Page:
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Dynamic Chiropractic Canada – July 1, 2010, Vol. 03, Issue 04
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Chronic Pain and Self-Care

By David J. Brunarski, DC, MSc, FCCS(C)

Chronic pain has been defined by the International Association for the Study of Pain as "pain that persists beyond normal tissue healing time, which is assumed to be three months."1 When chronic pain is not associated with cancer or end-of-life care, it is often referred to as chronic non-cancer pain (CNCP); over the past 20 years, the use and misuse of opioids for CNCP has increased significantly.

This is because "guidelines are not universally accepted by those involved in pain management and pain treatment seems to be driven mainly by tradition and personal experience."2

Many physicians and most patients hold unrealistic expectations with regard to the potential effectiveness of treatment with opioids and should be informed that total pain relief is exceedingly rare. In fact, clinical trials have demonstrated that pain scores improve less than two to three points on a 10-point scale, and often even less.3

Chronic Pain: The Consequences

A Finnish study of 5,646 patient visits identified pain as the reason for visits to a doctor 40 percent of the time. The low back, abdomen and head accounted for the most common locations, and 50 percent of confirmed diagnoses were musculoskeletal. Twenty percent of the patients had experienced pain for over six months and demonstrated considerable limitation in various activities of daily living.4

Another large sample, this one consisting of 28,902 working adults in the United States, found that 52.7 percent of workers reported having headache, back pain, arthritis or other musculoskeletal pain over a two-week period, 12.7 percent of whom lost 3.5 to 5.5 hours per week of productive work. Attributed losses in productive time at work were highest for headache (5.4 percent), back pain (3.2 percent), arthritis pain (2.0 percent) and other musculoskeletal pain (2.0 percent). There appeared to be no difference in the proportion of workers who lost productive time at work in terms of sex, age, residence, occupation, length of time on the job, or health insurance status. Workers with less education, high-demand / high control jobs, as well as those with four or more co-existing pain conditions, lost the most time.5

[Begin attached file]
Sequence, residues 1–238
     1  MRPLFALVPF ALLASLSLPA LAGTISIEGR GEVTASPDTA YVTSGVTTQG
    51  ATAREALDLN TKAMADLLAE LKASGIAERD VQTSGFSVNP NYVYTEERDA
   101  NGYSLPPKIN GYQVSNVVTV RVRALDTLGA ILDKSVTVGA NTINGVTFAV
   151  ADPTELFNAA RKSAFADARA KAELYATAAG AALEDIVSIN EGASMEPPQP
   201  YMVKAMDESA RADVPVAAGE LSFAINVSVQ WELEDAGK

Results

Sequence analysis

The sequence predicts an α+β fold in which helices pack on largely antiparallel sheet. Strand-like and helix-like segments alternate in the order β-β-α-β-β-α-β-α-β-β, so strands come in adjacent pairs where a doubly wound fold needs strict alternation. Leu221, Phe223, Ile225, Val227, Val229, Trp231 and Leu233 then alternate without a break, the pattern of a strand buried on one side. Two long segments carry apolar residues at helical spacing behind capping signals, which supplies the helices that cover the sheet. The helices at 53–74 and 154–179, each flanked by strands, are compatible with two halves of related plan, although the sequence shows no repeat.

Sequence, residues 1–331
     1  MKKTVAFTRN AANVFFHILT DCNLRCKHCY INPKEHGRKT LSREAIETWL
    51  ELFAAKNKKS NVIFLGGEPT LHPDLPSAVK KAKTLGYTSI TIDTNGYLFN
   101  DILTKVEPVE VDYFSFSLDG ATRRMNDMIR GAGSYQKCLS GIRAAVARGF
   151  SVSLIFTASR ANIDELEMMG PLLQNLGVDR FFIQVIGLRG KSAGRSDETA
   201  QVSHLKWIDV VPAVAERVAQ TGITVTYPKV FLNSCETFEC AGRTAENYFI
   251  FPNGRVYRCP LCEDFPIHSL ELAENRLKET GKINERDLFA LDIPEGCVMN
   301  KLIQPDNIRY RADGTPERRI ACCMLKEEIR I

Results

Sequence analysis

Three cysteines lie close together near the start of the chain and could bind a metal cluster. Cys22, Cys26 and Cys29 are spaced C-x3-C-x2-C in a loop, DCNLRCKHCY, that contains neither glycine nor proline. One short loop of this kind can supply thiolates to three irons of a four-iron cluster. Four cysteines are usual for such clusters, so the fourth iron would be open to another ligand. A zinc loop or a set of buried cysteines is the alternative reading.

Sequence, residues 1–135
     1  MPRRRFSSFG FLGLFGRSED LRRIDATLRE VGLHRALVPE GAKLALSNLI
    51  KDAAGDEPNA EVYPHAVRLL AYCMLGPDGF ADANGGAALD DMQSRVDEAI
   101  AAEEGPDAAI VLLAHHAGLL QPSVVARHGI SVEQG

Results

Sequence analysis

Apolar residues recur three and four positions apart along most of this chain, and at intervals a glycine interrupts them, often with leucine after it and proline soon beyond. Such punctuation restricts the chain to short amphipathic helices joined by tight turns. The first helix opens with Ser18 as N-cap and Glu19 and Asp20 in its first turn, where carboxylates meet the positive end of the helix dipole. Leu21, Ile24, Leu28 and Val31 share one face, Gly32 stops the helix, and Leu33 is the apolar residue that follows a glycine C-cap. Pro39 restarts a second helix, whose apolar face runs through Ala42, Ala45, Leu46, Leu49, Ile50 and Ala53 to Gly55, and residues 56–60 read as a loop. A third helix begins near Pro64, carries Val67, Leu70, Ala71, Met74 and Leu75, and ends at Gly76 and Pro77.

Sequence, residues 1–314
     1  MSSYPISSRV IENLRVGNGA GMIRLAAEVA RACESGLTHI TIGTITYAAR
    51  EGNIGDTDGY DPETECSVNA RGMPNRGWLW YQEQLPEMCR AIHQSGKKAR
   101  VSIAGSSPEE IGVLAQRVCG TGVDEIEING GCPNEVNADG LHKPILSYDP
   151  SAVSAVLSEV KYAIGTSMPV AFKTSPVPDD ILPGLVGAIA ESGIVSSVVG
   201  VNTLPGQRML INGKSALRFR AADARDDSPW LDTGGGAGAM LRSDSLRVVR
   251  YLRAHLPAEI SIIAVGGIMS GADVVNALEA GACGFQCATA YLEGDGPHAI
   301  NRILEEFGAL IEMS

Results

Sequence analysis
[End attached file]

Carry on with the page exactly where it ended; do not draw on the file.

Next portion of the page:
Pain occurs in a variety of forms, including monophasic events (e.g., due to injury), chronic episodic conditions (e.g., migraine headache) and chronic problems (e.g., persistent pain from arthritis). Sixty-nine percent of people over the age of 65 have two or more chronic illnesses. Moreover, it has been estimated that more than 40 percent of people with chronic illnesses have at least one co-morbidity that can often lead to increased disability and diminished physical well-being, reduced quality of life, increased use of health services and increased mortality.6

Pain Management Strategies

Effective management of chronic pain and chronic illness is complex and requires significant participation in self-care by patients and their families. However, patients who attempt to manage their multiple health conditions are faced with conflicting demands and competing priorities. The daily routines required by patients to manage their pain can be burdensome, but should include:

  • Engaging in activities that promote physical and psychological health;
  • Interacting with health care providers and adhering to treatment recommendations;
  • Monitoring personal health status and making the necessary care decisions;
  • Managing the impact of illness and pain on physical, psychological and social functioning.

"Dual task theory" proposes that patients will most often perform those tasks first in which they have the greatest emotional investment, such as acute symptoms and serious illness, at the expense of the more chronic conditions. Similarly, there is currently an increased focus by many health care providers on "acute care," effectively delaying or "triaging" treatment for the diverse and complex needs of patients with chronic pain and chronic health conditions.7

There are many barriers to self-care. Some of the most common include physical limitations, lack of knowledge, financial constraints, logistics of travel, social and emotional support, aggravation of one condition by symptoms of/or treatment of another condition and problems with multiple medications.

The Latest Guidelines

According to Passik and Kirsh, "Good pain management should lead to some decreases in pain perception combined with a corresponding increase in ability to function."8 The American Society of Anesthesiologists Task Force on Chronic Pain Management has released its 2010 practice guidelines, which propose to:

  • Optimize pain control, recognizing that a pain-free state may not be attainable;
  • Enhance functional abilities, physical and psychological well-being;
  • Enhance the quality of life of patients;